A Generous Match - Reflecting on a fortunate life, alumnus seeds new opportunity with matching-gift scholarships
And as he tells it, a great portion of that good fortune started at Purdue.
Sedlacek had been diligent enough in his suburban Chicago high school that he had met all his credit requirements by January of his senior year. The school would not allow him to graduate until June, but war loomed, and Sedlacek was intent on getting to college first.
“Purdue did a very nice thing for me,” he recalls. “They welcomed me, let me take the orientation exam, and let me enroll even without my high school degree. The grade I got on that test qualified me for a scholarship, and that made it economically possible for me to go.”
Once enrolled in the chemical engineering program, Sedlacek also applied for the Navy’s V-1 program and was accepted. This program morphed into the V-i2 program in July 1943 (“Kind of like the ROTC is now, except you were on active duty,” he said).
That program “made life different,” he says. “We got up every morning and did calisthenics at 6 a.m. and then cleaned our rooms and had breakfast. We did not have leave in the evenings, so I got myself in all sorts of activities, which gave me the opportunity to get out in the evening.”
Sedlacek was co-photographic editor for Debris and a photographer for the Exponent. He was in the marching band, playing bass clarinet for Spotts Emrick, although that did not last long.
“Spotts came to me and said, ‘Sedlacek, you do not want to play that old bass clarinet. It is big, long and heavy.’ I thought he’d get me on the regular clarinet. Instead, he thought the instrument for me was the glockenspiel. It weighs four times as much as the bass clarinet. But the glockenspiel played right behind the twirlers, which was kind of nice.”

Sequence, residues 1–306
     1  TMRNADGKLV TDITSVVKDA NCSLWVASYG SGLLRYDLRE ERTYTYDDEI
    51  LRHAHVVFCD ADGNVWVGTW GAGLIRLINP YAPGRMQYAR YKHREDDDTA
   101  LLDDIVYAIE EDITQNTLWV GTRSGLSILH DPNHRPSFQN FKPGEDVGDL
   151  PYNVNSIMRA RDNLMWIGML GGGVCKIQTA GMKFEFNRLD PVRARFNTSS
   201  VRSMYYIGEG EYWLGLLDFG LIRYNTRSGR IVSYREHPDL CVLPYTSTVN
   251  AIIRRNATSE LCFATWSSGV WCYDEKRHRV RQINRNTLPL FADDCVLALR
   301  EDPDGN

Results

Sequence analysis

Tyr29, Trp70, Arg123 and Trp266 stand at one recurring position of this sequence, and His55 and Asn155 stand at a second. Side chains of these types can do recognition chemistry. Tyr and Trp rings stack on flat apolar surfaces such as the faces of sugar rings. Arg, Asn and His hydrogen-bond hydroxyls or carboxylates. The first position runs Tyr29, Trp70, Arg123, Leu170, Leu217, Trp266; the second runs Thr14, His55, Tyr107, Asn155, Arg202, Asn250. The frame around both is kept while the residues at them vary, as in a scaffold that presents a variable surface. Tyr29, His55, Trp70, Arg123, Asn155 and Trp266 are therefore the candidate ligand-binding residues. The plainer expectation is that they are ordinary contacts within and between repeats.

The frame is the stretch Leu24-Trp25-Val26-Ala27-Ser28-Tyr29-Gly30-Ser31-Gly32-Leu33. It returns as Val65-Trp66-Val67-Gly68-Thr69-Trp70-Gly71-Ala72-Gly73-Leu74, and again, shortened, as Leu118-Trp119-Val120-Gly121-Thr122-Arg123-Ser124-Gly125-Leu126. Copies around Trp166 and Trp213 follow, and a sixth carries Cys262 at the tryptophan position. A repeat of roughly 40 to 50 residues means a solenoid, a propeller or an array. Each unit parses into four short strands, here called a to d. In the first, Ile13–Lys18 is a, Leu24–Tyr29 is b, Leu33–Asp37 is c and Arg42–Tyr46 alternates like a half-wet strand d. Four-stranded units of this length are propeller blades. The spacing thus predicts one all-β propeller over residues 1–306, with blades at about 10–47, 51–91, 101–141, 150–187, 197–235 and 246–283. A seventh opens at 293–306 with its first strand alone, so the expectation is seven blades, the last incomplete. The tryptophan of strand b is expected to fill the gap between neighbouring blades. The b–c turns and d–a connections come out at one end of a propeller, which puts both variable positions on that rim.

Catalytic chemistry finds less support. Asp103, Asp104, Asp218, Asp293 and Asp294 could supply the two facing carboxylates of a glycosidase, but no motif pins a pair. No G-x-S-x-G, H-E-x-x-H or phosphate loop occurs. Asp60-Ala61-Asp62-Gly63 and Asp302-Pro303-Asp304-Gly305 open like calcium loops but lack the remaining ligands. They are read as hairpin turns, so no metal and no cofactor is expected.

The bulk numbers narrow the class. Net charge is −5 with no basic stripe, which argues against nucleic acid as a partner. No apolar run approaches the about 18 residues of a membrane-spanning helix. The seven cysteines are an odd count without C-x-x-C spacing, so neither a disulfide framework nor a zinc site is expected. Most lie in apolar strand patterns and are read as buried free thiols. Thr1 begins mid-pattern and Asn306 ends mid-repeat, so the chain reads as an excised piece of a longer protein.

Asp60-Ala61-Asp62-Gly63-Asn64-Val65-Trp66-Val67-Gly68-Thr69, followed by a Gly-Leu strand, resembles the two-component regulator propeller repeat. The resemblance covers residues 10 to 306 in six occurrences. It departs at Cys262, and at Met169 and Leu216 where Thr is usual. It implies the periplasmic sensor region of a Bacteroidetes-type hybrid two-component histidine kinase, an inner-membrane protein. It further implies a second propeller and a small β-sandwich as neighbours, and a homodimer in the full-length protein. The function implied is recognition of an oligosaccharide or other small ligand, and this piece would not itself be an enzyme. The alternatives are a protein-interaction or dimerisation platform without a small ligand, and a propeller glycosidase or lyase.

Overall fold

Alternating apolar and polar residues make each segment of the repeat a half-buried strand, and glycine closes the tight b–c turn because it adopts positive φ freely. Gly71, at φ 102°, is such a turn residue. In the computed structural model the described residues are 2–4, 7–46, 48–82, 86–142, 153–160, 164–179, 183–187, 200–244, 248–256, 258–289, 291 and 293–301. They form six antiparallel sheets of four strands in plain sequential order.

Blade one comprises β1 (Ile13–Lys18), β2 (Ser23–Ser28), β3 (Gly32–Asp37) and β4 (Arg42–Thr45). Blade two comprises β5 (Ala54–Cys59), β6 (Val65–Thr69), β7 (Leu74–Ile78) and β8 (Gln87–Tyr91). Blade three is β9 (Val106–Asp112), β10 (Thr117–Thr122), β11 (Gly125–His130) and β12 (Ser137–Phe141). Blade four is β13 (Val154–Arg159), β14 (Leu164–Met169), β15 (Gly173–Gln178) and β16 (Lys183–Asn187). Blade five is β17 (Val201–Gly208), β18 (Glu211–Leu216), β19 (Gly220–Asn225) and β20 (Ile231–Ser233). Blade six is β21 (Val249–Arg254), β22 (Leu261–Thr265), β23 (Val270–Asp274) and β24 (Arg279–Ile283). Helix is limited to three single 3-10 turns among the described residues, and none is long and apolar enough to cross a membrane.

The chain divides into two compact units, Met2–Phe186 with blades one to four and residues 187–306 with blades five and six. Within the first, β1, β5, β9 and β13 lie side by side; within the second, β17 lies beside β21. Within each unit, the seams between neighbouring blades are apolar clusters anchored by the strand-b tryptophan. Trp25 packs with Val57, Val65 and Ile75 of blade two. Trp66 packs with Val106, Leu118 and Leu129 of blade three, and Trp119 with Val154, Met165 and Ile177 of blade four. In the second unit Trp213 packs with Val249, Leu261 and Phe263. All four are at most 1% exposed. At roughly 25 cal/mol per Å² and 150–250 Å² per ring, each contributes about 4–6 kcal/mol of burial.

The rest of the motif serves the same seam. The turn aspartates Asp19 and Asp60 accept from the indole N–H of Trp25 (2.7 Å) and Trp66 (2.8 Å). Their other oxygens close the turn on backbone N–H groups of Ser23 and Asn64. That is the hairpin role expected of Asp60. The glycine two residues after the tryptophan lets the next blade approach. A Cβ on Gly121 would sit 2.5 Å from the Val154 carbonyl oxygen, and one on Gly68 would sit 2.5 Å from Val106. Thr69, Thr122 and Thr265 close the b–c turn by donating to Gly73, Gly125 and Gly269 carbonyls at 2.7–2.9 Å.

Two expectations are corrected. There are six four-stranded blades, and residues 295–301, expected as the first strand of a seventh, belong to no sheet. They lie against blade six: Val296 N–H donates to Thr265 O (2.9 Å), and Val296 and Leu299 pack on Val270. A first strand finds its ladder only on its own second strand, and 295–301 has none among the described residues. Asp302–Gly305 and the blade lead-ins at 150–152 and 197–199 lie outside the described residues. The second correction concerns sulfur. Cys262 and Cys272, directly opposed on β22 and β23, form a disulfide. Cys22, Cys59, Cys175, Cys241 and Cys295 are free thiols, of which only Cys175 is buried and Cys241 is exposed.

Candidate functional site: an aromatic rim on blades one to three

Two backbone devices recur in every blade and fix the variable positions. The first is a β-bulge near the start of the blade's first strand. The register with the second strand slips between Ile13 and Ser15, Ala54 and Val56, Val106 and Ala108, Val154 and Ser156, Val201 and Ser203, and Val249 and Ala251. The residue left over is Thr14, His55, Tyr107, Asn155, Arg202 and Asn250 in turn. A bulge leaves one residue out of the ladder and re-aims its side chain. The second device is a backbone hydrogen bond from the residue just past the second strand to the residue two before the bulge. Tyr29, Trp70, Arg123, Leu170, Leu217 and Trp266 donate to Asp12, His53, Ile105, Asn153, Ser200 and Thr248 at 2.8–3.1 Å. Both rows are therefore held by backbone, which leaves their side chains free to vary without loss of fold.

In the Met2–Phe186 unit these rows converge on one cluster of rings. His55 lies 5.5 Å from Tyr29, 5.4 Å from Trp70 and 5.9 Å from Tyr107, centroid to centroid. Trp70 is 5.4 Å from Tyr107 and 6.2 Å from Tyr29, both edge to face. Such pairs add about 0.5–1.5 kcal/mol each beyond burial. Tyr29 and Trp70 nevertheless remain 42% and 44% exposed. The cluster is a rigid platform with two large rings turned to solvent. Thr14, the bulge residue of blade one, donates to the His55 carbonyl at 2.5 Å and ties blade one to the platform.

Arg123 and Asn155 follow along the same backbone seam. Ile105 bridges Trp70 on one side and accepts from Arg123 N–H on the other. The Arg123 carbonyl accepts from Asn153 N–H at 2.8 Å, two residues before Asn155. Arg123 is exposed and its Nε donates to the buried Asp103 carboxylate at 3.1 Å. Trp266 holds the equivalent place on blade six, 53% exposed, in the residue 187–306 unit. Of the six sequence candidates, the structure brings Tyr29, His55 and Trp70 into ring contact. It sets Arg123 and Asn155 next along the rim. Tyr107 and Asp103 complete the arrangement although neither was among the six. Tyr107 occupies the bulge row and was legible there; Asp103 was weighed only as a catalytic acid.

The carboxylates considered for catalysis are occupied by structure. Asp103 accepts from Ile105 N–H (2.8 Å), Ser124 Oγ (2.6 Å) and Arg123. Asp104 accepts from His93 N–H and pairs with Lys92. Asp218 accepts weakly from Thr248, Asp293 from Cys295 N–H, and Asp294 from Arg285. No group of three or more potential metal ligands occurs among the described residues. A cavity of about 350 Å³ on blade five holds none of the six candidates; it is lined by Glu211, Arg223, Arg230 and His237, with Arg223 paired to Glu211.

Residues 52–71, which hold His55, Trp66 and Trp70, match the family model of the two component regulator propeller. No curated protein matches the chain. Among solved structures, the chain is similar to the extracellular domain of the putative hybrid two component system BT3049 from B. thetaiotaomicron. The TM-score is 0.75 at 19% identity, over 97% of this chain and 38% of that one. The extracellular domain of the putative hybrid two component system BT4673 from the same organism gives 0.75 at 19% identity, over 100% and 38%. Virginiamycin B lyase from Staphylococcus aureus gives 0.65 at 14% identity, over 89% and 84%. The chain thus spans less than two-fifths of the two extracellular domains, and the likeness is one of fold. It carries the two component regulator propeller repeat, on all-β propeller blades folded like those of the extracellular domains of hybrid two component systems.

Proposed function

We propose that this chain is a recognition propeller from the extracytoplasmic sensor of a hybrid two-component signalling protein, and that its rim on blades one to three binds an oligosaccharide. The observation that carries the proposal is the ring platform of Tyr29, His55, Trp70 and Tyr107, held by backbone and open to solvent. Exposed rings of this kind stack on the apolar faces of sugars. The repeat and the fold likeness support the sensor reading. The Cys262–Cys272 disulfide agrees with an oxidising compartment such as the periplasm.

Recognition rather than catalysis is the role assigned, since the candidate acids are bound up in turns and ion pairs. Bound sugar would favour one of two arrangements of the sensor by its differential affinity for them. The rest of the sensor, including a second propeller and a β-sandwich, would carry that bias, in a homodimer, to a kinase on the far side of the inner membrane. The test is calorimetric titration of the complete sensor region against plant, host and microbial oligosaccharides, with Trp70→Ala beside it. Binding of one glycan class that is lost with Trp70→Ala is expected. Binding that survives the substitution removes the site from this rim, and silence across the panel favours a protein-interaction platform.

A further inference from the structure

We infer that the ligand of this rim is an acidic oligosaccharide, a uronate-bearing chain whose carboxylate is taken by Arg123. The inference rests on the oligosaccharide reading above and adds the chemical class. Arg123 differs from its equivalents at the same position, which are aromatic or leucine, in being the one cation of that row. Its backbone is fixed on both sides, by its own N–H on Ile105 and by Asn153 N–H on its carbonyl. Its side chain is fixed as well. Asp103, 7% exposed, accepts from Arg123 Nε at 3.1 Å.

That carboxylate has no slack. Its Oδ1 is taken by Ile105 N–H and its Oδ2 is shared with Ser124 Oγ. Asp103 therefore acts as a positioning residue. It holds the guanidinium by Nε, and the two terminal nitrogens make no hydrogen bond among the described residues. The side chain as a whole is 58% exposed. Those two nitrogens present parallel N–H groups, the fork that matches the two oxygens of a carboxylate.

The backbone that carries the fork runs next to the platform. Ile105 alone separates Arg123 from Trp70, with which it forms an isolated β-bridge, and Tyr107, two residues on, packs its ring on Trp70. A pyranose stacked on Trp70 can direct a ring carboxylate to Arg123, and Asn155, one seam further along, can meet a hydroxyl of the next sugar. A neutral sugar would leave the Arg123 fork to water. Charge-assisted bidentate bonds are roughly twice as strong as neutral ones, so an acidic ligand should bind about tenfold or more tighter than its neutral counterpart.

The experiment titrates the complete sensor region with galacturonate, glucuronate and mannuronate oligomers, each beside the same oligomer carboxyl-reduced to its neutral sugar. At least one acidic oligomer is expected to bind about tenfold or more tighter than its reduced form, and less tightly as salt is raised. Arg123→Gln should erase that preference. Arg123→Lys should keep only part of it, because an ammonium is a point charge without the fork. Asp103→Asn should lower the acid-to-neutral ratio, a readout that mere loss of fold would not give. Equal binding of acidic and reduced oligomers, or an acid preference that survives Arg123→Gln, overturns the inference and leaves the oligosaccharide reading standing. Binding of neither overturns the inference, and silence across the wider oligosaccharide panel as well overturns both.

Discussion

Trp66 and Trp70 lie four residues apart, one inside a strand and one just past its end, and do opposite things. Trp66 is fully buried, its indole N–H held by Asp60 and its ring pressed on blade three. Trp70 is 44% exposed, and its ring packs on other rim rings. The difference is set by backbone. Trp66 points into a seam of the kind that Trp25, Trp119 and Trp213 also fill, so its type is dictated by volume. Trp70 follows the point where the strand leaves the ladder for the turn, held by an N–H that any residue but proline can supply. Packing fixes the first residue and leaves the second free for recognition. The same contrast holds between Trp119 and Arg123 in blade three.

Sedlacek earned his B.S. in chemical engineering in 1945. He was sent by the Navy to Panama on his first flight, taking his first trip abroad. He worked as a deck officer on a subchaser and then spent three months on a destroyer escort in Florida before being released from service. Talks with his Purdue professors led him to Universal Oil Products, where he worked in processing before being sent back for the Korean War and assigned as gunnery officer on the USS Edmonds (DE-406). It was eventually home-ported in Honolulu, where he met his wife.
Sedlacek went back to Universal Oil Products after that, but his experience in Japan led the company to redirect him into marketing. The company was reopening a business in Japan, and Sedlacek was the good fit that his superiors imagined him to be. He spent nearly 40 years in marketing, with a further assignment of marketing for Europe, Middle East and Africa and eventually, as senior vice president of marketing for the whole world, retiring in 1992.
“These assignments gave me the opportunity to travel frequently to all the far corners of the world, to experience many diverse cultures, and to meet and become friends with engineers of many nationalities and educations,” Sedlacek says. “I cherish these friendships and maintain some of them today.”
“My whole career started with my time at Purdue,” Sedlacek says. “I thought, I have had the good fortune of ending up with monies that I really do not need for anything, and I wanted to make it possible for other people to have the good luck to go to Purdue, get a good education and find a career for themselves.”
The bulk of Sedlacek’s $1.09 million gift will be used for a relatively new matching-gift program for merit-based scholarships in the College of Engineering. Any donor who makes a gift will have that gift matched due to Sedlacek’s generosity.
Sedlacek also established two scholarships, one for a merit-based general engineering scholarship, and another for engineers who play in the marching band, even if it is not the glockenspiel.